Why You Should Start Watching Boss

Slate's Culture Blog
Aug. 20 2012 3:14 PM

Why You Should Start Watching Boss

Kelsey Grammer on Boss (Starz)

Every political incumbent fights against time as much as his opponents, struggling to hold back younger politicians and new ways of doing things in order to hold onto power and a paycheck. Or at least that’s the big takeaway from Boss, which returned to Starz for a second season on Friday. Its generational struggle is accelerated by a plot twist: Chicago Mayor Tom Kane (Kelsey Grammer) has a degenerative neurological disease whose symptoms—principally hallucinations and mood swings, as well as a gradual loss of control over bodily functions—ape the indicators of aging and dementia. This lion in winter is hyperaware of the passage of time. Kane’s biggest worry is that his disease will get to him before he can shape his legacy, even if it means admitting that he has made mistakes in the past.

It’s a bold move. TV politicians tend to be either snakes (The Wire’s Tommy Carcetti) or saints (The West Wing’s President Jed Bartlet). Tom Kane is a reptile who’s angling for a halo, a reprehensible bully who wants to make amends.


The new season signals Kane’s change of heart—driven by his increasingly unreliable brain—with a change of personnel. His longtime aides Kitty O’Neill (Kathleen Robertson) and Ezra Stone (Martin Donovan) are gone—ostracized O’Neill leaves the Democratic machine to manage a Republican gubernatorial campaign, while the deceased Stone appears only as a ghost. A new pair of operatives has taken their place: Ian Todd (Jonathan Groff), like the old Kane, will do whatever it takes to succeed, while Mona Fredricks (Sanaa Latham) wants to use all the tricks in the political playbook to benefit residents of the Lennox Gardens housing project, where she grew up, rather than for personal gain. It’s as if Kane is squaring the two off against each other in the hopes that they’ll provide clues as to how his own struggle will work out.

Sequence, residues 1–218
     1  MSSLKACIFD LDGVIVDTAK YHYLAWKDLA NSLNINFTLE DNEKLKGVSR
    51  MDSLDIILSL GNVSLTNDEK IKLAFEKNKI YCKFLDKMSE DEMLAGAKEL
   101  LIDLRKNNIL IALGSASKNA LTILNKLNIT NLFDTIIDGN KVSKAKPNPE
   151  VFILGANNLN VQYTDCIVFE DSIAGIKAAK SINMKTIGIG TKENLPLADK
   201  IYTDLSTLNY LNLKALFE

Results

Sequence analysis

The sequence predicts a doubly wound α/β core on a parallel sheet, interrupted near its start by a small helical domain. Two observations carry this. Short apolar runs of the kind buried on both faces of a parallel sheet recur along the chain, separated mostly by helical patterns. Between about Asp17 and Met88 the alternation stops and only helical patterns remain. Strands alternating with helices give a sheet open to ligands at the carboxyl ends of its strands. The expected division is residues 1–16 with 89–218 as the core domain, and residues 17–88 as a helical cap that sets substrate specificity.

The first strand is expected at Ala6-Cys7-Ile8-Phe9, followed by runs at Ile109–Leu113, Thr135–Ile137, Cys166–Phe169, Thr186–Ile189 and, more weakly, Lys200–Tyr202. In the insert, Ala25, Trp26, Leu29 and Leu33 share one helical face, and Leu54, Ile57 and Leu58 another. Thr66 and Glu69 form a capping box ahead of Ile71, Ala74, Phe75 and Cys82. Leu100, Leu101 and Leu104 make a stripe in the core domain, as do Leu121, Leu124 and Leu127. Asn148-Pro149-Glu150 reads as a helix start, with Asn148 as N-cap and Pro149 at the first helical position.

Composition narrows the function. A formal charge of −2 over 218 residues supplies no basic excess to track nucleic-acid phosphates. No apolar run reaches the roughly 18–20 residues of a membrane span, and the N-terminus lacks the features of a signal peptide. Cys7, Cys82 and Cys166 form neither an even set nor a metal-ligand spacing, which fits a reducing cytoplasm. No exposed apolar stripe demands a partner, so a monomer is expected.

The renovation of Lennox Gardens is also a rehabilitation project for Kane’s soul. His decision to neglect the neighborhood—its African-American residents don’t vote for him—was directly responsible for its decline into drug-infested gang territory. He needs the residents’ support for the makeover, but can they trust him after decades of abandonment? And even if they do, is it possible that the contractors and community leaders who have benefited from the status quo are even more powerful than the mayor?

Having seen the first five episodes of Season 2, I’m glad to say I still don’t know the answer to those questions. The potential for Kane to undo the political mistakes of his past seems greater than his chance of mending his broken family, at least—but then his wife and daughter are also less sure of themselves than ever, so anything’s possible. Tom Kane is closer to King Lear than King Canute, but neither story ended well for the guy on the throne.

June Thomas is a Slate culture critic and editor of Outward, Slate’s LGBTQ section. 


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